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JOHANNA WOLFERT: Gambling preys on the poor; repurpose profits before casinos reopen

The first step has been taken toward the reopening of Casino Nova Scotia in Sydney and Halifax. The Great Canadian Games Corp., which runs the facilities, said casinos can reopen in adherence to the company’s COVID-19 operating plan. No date has been announced for reopening. JEREMY FRASER/CAPE BRETON POST
Casinos in Sydney and Halifax are preparing to reopen. "Gambling is highly regressive. The poorest 20 per cent of Atlantic households see an estimated four per cent of their incomes taxed away by gambling," writes Johanna Wolfert. - Jeremy Fraser

As Atlantic Canada slowly begins to emerge from its COVID-19 shutdown, economic recovery is sure to be high on policymakers’ agendas.

 With household finances ravaged by business closures and widespread layoffs, governments are rightly working hard to help people get back on their feet — especially those who were already struggling to make ends meet before the pandemic hit.

Beneath the surface and before the pandemic hit, however, governments had been using the gambling industry to empty the pockets of these same citizens who most need their help.

And if nothing changes before the casinos reopen, they’ll do so again.

In the new Cardus brief, Royally Flushed: Reforming gambling to work for, not against, Atlantic Canada, we show that the Atlantic provinces’ gambling scheme acts as a regressive tax on those least able to pay.

The governments of New Brunswick, Newfoundland and Labrador, Nova Scotia and Prince Edward Island collect millions of dollars from the Atlantic Lottery Corporation (ALC) and local casinos. This money is piped directly into the treasuries’ general revenues.

While lottery and casino money is indistinguishable from legitimate taxes in how it’s spent, there are significant — and unjust — differences in the sources of gambling money.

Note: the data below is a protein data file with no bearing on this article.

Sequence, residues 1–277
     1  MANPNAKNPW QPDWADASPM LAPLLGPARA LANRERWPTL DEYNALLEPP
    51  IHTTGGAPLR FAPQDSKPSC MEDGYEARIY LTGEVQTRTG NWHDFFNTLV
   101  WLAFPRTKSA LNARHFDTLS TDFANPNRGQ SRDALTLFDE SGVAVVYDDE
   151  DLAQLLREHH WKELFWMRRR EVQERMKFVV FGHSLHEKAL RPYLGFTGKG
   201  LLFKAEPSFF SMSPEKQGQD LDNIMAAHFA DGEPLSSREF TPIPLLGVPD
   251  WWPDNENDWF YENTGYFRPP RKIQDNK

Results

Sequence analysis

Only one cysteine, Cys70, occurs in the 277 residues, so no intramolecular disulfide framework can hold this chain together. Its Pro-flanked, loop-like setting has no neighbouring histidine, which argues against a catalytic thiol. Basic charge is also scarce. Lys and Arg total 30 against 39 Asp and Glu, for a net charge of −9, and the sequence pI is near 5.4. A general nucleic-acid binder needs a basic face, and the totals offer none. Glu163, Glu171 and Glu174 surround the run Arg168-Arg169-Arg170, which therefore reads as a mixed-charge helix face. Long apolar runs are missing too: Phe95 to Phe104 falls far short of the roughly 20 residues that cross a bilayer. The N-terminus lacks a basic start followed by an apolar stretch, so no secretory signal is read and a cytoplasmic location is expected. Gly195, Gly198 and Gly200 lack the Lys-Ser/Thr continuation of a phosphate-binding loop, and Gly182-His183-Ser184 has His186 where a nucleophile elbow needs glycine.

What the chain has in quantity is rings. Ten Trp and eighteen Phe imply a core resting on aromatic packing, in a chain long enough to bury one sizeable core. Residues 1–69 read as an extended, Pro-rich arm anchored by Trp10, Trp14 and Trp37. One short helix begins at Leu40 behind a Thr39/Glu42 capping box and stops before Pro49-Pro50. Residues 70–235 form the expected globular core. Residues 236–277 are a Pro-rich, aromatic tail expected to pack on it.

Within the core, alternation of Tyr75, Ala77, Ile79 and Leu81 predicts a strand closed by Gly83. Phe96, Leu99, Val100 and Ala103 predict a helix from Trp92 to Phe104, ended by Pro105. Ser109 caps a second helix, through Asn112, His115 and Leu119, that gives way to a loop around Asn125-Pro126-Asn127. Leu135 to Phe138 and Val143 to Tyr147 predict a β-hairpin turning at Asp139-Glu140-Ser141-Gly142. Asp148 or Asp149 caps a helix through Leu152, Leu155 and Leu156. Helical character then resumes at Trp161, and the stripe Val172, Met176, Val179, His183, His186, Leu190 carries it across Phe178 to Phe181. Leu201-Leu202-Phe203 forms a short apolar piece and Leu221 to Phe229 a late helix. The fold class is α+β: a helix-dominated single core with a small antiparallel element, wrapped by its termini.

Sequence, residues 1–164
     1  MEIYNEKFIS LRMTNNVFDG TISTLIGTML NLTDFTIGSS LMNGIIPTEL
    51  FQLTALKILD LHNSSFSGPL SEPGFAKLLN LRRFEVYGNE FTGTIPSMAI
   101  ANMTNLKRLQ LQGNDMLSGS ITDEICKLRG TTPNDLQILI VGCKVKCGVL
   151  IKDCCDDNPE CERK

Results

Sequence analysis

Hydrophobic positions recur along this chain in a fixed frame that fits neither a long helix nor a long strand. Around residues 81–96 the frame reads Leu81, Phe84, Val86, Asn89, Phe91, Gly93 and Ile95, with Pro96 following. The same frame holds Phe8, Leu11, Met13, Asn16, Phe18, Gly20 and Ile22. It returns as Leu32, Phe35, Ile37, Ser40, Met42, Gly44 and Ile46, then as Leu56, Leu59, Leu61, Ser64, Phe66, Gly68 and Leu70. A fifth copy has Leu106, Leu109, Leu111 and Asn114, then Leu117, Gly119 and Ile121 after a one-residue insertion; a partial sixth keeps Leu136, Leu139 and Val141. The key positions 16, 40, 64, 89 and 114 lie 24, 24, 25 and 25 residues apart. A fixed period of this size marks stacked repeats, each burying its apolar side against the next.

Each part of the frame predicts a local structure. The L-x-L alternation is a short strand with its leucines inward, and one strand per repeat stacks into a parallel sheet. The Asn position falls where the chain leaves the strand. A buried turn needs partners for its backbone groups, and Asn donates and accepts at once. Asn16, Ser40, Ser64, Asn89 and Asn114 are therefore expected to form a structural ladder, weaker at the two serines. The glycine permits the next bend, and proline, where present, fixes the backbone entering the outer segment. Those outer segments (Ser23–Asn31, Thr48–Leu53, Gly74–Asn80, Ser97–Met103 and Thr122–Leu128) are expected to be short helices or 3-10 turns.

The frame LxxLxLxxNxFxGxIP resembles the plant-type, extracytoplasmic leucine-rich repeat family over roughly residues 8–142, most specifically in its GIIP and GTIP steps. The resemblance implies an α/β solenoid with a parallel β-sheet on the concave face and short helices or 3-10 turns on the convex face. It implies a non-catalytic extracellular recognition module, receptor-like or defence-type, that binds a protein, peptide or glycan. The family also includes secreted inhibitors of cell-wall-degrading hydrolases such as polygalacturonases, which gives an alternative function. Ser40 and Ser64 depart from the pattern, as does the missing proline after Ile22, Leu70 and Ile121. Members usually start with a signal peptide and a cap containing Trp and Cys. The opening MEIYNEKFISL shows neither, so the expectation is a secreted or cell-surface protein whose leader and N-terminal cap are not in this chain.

Gambling is highly regressive. The poorest 20 per cent of Atlantic households see an estimated four per cent of their incomes taxed away by gambling.

That’s twice as much as what the wealthiest 20 per cent lose by gambling — even though the wealthiest make 5.8 times as much as the poorest and pay almost 10 times more in income taxes.

Government-run gambling preys not only on the poor, but also on the addicted. Problem gamblers provide up to 30 per cent of gambling revenue despite making up only one or two per cent of the population.

Atlantic provinces have made the most addictive forms of gambling — slot machines and video lottery terminals (VLTs )— among the easiest to access, with VLTs available in bars all along the East Coast. According to one study, someone who played VLTs in the previous year was 38 times more likely to have a significant gambling problem than someone who hadn’t touched a VLT.

This figure should come as no surprise. Slots and VLTs are known for their addictive design, relying on features that undermine players’ rational perceptions of the game to maximize time on device (and, of course, maximize spending).

Over the past four years, at least 60 per cent of Atlantic provinces’ net gambling revenue has come from slots and VLTs.

Given that almost a third of Atlantic Canada’s gambling revenue comes from problem gamblers, and more than half of gambling funds are generated by machines designed to override players’ individual wills, it’s clear that the “voluntary tax” label commonly ascribed to gambling is misleading at best. 

In reality, gambling is a tax on the vulnerable.

So what should provincial governments do?

They should first admit that their addiction to gambling profits has become a serious problem for the citizens they are supposed to protect. They can then start the process of recovery by keeping gambling money separate from legitimate tax revenues, preferably by creating a special fund aimed at relief of poverty.

Gambling profits could then be used to help the poor save. The new fund could be used to start a prize-linked savings program, offering savers the chance to hit the jackpot with their deposits. Alternatively, the government could top up low-income savers’ accounts the way the federal government chips in to RESPs.

Rather than lose their money, they’d be saving it, making low-income families more self-reliant and less likely to turn to payday loans. 

Another option for the new fund would be cash transfers to low-income households, similar to social assistance payments.

With ALC revenues on track to hit historic lows this year, the costs of governments getting clean have never been lower.

As casinos prepare to reopen, the Atlantic governments should seize the opportunity to re-imagine their gambling system and kick their gambling habit for good.

Johanna Wolfert is a researcher at think tank Cardus and co-author of Royally Flushed: Reforming gambling to work for, not against, Atlantic Canada.

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